It’s been over a year since the U.S. EMV liability shift of October 2015 and the chip rollout has been challenging, to say the least. In this post-liability shift climate, hotel owners and managers are incurring costs at every turn; whether it’s the cost associated with implementation or the even greater losses experienced by those lagging in implementation.
The IHL Group estimates that retailers will spend at least $35 billion on EMV implementation. Both large hotel chains and boutique operations prepared for the implementation costs: only 11 percent of travel and lodging retailers planned to decrease investments in payments in 2016.
Yet, the most recent estimates of EMV adoption in the U.S. are falling short of expectations. At the end of September, global payments consulting firm The Strawhecker Group (TSG) released survey results estimating that just 29 percent of U.S. card-accepting merchants with EMV terminals are actually able to accept chip-based transactions.
87 Percent of Cards Presented to Travel Businesses are Chip Cards
Hotels that cannot accept chip cards at their terminals are highly vulnerable to EMV-related chargebacks. The CardFlight EMV Migration Tracker – October 2016 analyzed hundreds of thousands of transactions processed through the CardFlight payment gateway since the liability shift and found that 87 percent of payment cards provided to travel businesses contained EMV chips.
The prevalence of consumer use of chip cards in the travel space might be the result of American Express proliferation in business travel. CardFlight also reported that among American Express cards processed via their payment gateway, 96 percent contained EMV chips. Remember, the hotel is liable for every potentially fraudulent chip card processed with an out-of-date, EMV-unready terminal.
Unique EMV Implementation Hurdles for Hotels
Julie Conroy, research director and fraud expert at Aite Group, detailed the challenges hotels face specifically after releasing the group’s EMV and NFC: U.S. Merchant Implementation Status 2016 report. “We’ve also seen hospitality slower to upgrade to EMV,” Conroy said. She went on to say that it’s likely that hospitality is “thinking that they are not prime targets for counterfeit fraud.”
The implementation hurdles hotels face that other retailers do not is twofold. First, payment terminals at hotels aren’t representative of the traditional terminals found at retail and restaurant establishments. Charges need to be tracked throughout the guest experience: from check-in to checkout and post-checkout adjustments.
Second, EMV dramatically changes the way payments are collected. Hotels now need to have terminals installed that the guest can access to dip their card. Employees from the front desk to the restaurant must be trained on new procedures and be ready to assist guests with these new processes as well.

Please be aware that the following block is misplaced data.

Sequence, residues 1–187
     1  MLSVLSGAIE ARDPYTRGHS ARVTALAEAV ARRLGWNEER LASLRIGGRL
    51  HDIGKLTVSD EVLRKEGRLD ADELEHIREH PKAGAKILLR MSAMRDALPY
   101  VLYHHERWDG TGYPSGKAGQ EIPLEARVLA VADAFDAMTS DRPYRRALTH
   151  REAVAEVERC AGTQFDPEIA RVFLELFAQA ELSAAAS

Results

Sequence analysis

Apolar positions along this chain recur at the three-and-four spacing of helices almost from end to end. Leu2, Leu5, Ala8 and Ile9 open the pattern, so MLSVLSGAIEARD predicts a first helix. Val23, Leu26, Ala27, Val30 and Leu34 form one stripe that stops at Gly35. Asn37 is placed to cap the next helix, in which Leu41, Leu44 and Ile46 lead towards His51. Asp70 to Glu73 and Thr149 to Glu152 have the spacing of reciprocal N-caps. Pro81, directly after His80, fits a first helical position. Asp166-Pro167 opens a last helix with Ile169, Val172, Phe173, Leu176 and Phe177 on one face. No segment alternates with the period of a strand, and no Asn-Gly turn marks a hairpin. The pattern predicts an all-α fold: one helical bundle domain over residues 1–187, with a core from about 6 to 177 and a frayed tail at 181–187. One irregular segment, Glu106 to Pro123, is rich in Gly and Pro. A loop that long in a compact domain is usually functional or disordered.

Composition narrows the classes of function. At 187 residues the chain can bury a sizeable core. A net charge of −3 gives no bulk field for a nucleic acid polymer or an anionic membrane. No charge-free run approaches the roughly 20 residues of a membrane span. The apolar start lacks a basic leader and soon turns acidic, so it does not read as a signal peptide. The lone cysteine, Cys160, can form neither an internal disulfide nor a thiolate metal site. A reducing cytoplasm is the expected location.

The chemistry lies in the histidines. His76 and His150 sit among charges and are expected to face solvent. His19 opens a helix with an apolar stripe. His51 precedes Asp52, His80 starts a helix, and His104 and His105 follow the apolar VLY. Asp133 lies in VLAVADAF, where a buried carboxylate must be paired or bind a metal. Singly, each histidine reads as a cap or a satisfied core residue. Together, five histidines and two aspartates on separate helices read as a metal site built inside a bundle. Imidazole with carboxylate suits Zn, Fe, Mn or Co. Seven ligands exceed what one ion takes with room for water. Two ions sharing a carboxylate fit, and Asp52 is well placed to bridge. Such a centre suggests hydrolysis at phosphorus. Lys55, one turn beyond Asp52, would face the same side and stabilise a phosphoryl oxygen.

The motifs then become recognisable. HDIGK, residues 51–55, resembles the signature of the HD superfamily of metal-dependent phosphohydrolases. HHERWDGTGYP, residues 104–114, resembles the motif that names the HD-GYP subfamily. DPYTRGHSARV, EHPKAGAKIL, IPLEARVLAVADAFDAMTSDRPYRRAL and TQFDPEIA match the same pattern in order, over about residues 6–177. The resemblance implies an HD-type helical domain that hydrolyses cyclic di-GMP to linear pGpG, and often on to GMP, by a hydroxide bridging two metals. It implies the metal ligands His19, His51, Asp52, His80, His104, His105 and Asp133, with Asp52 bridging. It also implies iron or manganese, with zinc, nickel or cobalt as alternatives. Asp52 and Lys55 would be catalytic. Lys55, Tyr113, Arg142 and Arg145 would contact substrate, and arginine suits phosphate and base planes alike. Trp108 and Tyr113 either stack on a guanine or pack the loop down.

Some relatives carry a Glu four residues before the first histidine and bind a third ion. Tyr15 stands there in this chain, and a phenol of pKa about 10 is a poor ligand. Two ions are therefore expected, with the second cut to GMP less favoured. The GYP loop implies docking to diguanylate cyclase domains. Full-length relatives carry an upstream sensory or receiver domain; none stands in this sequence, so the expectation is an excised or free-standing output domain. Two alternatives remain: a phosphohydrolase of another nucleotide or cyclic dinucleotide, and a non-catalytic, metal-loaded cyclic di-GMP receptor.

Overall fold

Thanks to the liability shift, hotels that aren’t properly EMV compliance face increases in chargebacks. In the TSG survey, it was also found that more than 60 percent of respondents experienced an increase in the number of chargebacks their business experienced. Similarly, the Aite Group’s survey found a 25 percent increase in EMV-related chargebacks in the first half of 2016. As seen in other countries that have implemented EMV, counterfeit fraud rates will continue to rise until the volume of chip card users and working chip card readers reaches a large enough volume.
Bear in mind that these chargebacks are not new instances of fraud. Until the liability shift, issuers simply absorbed these losses and the merchant would be none the wiser. Now, hotels are seeing these fraud-related chargebacks appear under newly created reason codes by the card networks. The new reason codes that merchants are seeing post liability shift include: Visa Reason Code 62, MasterCard Reason Code 4870, and MasterCard Reason Code 4871.
Fortunately, the major card networks have made moves to lessen the impact felt by merchants who are lagging in terminalization through no fault of their own. Both Visa and American Express policy adjustments remain in effect until April 2018, block all chargebacks under $25, and limit the number of counterfeit fraud-related chargebacks to 10 per card account.
Fraudsters Capitalize on Hotel Vulnerabilities
The hospitality industry is already an enticing fraud target, due to the very nature of hotel payments and operations. A wealth of customer data is stored for the duration of their stay creates multiple exposure points for unencrypted personal account information.
Hotels without upgraded payment terminals to accept chip cards put themselves at risk for fraud losses on top of those associated with the liability shift. All merchants, regardless of industry, that do not have operational EMV terminals leave themselves vulnerable to hackers and organized crime rings who are now zeroing in on magnetic stripe environments.
The bottom line is that the sooner hotels make the switch to EMV terminals, the better. As long as chip accepting payment terminals are not present, hotels are vulnerable to fraud and increased chargebacks.